03 January 2008

On Being Disorganized



Some people take the first few weeks of the new year as the best opportunity to clean things up around the house. Unused stuff and other possessions considered worthless are either thrown or given away in the hope of gaining more space. I think the desire for more space and cleanliness are the reasons why some people try to spruce up during this time.

But then, there's a minority among us who would rather not part with his belongings, be it considered worthless or still useful. Yours truly is one example. Seldom do I throw away stuff. I even recycle candy wrappers as bookmarkers. Considering a thing worthless or useful is a matter of perspective for me. You see garbage, I see something valuable. Yes, my abode can be a bedlam to new visitors, but like Oscar the Grouch, I love my disorganized state.

The local term is makalat, which roughly translates to being 'disorganized' in English. Being makalat is frowned upon in a society which always strives to obtain a state of being next to Godliness. For my part, I think I am makalat because: (1) I seldom have time to organize, (2) I always see something valuable in things, and (3) I don't trust anybody can do it for me.

The NYTimes, however, has a different take on being disorganized:
"It isn’t a house problem," he went on. "It’s a person problem. The person needs to fundamentally change their behavior."

Excessive clutter and disorganization are often symptoms of a bigger health problem. People who have suffered an emotional trauma or a brain injury often find housecleaning an insurmountable task. Attention deficit disorder, depression, chronic pain and grief can prevent people from getting organized or lead to a buildup of clutter. At its most extreme, chronic disorganization is called hoarding, a condition many experts believe is a mental illness in its own right, although psychiatrists have yet to formally recognize it.

[NYTimes, 1 Jan 2008]

So, when being disorganized and clutter reaches a critical level in your house, it becomes a mental condition, and we need to seek professional help? By getting househelp by hiring a house maid? No. By seeking the help of a professional organizer --- yes, such a profession now exists --- who charge in the range of $60-$100 or more per hour. Wow! Typing 'professional organizer' in Google yields more than a half a million results, so it must really be a profitable profession.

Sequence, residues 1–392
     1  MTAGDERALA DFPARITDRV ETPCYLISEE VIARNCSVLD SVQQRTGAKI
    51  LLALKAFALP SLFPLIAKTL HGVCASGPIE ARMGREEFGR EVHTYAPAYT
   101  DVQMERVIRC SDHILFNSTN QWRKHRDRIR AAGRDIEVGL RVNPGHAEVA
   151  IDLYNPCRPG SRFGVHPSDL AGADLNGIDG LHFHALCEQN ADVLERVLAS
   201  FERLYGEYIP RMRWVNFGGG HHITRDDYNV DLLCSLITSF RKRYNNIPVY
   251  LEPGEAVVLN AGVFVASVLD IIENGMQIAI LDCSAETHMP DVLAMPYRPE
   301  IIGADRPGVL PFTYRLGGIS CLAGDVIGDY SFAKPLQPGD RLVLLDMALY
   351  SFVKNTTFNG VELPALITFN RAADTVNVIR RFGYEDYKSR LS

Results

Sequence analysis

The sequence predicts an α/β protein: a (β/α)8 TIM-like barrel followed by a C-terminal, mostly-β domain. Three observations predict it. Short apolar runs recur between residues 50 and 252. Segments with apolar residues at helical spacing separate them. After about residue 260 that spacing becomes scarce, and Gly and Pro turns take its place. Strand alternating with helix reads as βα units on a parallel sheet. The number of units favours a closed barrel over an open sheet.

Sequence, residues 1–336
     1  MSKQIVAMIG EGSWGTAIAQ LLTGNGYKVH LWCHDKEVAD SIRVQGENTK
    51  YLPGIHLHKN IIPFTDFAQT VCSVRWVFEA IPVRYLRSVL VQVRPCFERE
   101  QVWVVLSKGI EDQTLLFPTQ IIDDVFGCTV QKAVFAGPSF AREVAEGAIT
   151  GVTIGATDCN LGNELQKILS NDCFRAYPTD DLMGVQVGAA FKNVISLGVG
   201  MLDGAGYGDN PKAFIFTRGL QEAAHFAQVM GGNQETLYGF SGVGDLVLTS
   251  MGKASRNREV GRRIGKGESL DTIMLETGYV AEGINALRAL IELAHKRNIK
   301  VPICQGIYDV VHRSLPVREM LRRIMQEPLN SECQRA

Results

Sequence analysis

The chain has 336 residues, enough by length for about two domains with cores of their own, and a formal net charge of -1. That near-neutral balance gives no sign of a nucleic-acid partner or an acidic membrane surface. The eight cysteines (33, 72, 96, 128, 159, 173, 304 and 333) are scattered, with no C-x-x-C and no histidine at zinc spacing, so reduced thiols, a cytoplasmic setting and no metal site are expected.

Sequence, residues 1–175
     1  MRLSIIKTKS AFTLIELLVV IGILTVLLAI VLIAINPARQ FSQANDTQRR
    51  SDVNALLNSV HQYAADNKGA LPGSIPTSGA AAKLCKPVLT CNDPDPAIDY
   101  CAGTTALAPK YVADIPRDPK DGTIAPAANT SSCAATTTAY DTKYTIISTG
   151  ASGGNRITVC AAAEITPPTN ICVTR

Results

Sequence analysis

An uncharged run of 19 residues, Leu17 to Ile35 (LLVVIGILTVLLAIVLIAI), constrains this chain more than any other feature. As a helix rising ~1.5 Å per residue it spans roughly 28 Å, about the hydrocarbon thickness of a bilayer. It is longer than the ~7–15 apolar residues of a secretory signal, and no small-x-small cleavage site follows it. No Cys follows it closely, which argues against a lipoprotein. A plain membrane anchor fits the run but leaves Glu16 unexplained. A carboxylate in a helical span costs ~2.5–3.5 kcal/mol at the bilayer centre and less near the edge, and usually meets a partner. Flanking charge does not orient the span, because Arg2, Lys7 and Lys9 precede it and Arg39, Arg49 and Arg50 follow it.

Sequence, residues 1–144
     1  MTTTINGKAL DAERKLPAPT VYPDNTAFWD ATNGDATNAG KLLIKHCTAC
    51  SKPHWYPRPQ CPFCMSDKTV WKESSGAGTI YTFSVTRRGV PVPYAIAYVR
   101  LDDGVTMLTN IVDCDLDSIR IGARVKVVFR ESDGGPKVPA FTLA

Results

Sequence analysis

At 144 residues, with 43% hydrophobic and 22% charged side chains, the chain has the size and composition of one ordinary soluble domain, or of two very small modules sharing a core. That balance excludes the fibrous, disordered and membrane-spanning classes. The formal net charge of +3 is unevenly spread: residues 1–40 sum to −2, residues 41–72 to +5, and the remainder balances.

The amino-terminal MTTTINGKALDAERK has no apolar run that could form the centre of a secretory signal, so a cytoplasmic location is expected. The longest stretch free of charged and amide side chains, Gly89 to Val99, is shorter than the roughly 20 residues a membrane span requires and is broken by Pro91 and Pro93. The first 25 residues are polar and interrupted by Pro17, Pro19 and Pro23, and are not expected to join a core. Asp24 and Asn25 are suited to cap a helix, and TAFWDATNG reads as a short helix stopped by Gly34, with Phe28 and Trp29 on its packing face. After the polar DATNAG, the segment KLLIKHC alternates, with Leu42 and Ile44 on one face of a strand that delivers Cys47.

The question is when to seek help. Maybe when people begin tripping while walking inside your room, or when the inside of your house starts to look like a jungle. Or maybe when you yourself can no longer enter or leave your house because the chaos is simply too much to handle already. But we pray it never comes to that conclusion.

I agree that being clean or being organized begins in our minds. The clutter we see is simply the tangible manifestation of how much chaos we have inside. We correct the derangement on the inside, we fix the mess on the outside. And except for a few severe cases, I think we can manage to do this on our own without getting our pockets ripped off by professional organizers.

7 reactions:

watson said...

Pero Doc, isn't being "makalat" relative? It might look cluttered to one person, but to the owner, he knows just where everything is. And if someone tries to organize it for him, he then gets lost and says "mas magulo" even if things look spic and span.

Yes Doc, I'm trying to justify myself. Hehe. Happy New Year!

Dr. Emer said...

Exactly what I said in the second paragraph, Watson. Like you, I am also trying to justify myself. Happy New Year!

may said...

doc emer, i have a "throwing disease". if you need help getting rid of kalat in your place, i'll do it for you for free :)

happy new year!

rolly said...

Welcome home, doc.

I, too, can be makalat especially at work. Minsan naman, this is borne out of laziness. hehe

Yun din namang ultra organized, may problema din, diba? OC

Toni said...

Kalat's okay as long as it doesn't affect you or those around you! I don't believe a cluttered desk reflects a cluttered mind, but a decluttered area does help one think more clearly. :D

Dr. Emer said...

MAY - I might take you on that offer! :-)

T.ROLLS - Can we strike a balance then?

TONI - Agree!

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